Recently, prominent mainstream economists with strong inclinations toward behavioral economics have also jumped on the Galbraith bandwagon. George Akerlof and Robert Schiller, for example, have favorably cited Galbraith in their bestselling book Animal Spirits. They refer to Galbraith'sGreat Crash as one of the "seminal historical accounts of bubbles and panics," and characterize it as "very much in the same spirit as the analysis in [their own] book." They are quite taken with Galbraith's discovery of an alleged causal relationship between the mysteriously waxing and waning prevalence of "bad faith" — defined as "economic activity that, while technically legal, has sinister motives" — and economic cycles.[3]
Robert Frank is another economist with impeccable mainstream credentials who has a predilection for behavioral economics and a soft spot for Galbraith. He has argued that Galbraith's position that the market economy systematically misallocates resources between private and public sectors "was right for the wrong reasons." If only Galbraith's training had been grounded in modern game theory, Frank contends, he would have been better able to defend himself against his academic critics.[4]
Now there are probably various reasons for the burgeoning Galbraith lovefest among mainstream economists. But, I believe, the primary reason is the growing dissatisfaction within the economics profession with the transmogrification of economics into a hyper-mathematical, model-driven discipline that tells us exactly nothing about the real world, as the financial crisis has plainly revealed. Compared to the arid and mechanistic "theorems" of modern economics, even Galbraith's unsystematic and pedantic musings are a breath of fresh air, because at least they are expressed in English and make reference to real and meaningful phenomena. This is, of course, not an endorsement of Galbraith's approach to economics or his various positions. Indeed far from it: rather it is an attempt to explain the unjustified accolades his work is beginning to receive from professional economists.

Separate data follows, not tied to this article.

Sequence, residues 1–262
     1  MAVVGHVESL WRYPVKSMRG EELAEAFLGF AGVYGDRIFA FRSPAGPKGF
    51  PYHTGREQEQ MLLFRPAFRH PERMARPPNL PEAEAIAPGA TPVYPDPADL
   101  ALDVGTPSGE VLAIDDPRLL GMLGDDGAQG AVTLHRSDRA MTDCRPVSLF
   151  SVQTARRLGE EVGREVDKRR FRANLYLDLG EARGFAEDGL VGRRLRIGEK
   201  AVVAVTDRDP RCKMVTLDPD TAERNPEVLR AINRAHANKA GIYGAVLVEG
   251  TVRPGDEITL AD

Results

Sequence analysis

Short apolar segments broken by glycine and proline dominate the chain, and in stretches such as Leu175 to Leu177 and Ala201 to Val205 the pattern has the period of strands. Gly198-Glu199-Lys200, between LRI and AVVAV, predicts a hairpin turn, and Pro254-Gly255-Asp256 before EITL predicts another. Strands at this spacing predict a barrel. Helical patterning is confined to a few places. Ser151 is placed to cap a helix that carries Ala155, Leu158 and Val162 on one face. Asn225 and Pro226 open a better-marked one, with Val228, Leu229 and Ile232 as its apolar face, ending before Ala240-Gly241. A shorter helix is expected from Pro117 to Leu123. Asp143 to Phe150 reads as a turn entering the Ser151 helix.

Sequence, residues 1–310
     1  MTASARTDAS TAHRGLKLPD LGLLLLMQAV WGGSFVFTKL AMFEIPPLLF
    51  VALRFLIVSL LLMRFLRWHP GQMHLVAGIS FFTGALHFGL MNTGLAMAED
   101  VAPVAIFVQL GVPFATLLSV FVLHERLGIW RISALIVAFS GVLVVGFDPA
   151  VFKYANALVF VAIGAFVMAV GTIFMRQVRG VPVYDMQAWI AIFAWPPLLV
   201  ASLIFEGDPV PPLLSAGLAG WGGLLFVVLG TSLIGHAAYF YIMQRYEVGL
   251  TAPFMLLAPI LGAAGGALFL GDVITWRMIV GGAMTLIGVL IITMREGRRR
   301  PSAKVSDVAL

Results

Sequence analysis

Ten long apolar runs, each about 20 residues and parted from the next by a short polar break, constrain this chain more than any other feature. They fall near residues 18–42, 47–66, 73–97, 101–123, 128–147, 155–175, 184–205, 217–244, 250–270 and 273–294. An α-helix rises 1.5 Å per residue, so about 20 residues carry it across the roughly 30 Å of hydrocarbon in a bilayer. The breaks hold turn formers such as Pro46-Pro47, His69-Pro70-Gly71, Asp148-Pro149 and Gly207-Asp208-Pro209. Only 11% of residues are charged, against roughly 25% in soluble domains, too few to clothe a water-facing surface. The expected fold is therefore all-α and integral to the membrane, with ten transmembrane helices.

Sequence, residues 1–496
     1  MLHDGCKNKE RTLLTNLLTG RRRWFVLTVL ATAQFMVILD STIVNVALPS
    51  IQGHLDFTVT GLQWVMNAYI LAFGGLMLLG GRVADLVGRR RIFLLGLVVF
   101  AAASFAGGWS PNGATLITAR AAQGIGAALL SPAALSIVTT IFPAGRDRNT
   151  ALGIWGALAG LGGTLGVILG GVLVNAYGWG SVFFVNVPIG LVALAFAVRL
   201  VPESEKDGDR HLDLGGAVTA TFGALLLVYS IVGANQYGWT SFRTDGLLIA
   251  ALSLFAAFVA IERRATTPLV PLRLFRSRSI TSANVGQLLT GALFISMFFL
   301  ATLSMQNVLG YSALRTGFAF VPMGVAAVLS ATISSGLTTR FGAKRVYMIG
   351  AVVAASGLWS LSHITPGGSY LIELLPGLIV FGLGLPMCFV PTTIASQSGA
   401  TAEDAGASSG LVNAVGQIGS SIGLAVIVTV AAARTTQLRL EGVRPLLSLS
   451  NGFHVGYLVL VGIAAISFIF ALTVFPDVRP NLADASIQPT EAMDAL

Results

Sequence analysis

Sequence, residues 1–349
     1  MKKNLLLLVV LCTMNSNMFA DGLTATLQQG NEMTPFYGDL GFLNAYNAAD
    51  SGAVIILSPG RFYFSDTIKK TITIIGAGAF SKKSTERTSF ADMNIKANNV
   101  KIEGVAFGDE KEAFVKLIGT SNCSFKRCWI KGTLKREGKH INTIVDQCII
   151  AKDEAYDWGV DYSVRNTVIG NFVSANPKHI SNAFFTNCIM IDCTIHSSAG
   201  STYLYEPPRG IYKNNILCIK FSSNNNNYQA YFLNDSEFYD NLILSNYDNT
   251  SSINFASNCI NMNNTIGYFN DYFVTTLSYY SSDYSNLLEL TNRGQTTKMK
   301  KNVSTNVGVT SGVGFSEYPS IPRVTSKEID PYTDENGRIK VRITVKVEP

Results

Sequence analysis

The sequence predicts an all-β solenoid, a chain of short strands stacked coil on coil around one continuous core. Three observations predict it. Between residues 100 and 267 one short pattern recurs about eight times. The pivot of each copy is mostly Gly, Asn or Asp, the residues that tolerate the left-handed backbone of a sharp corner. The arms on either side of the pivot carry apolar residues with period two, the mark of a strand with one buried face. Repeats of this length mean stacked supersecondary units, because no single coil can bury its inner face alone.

1. I remember occasionally seeing Galbraith many years ago on the Sunday morning talking head shows. I was pretty young and had never heard of the Austrians or ABCT, but it was obvious the guy was full of beans.

  2. I was reading this yesterday and thinking to myself, "what's next, scientists saying eugenics 'not so bad after all'?"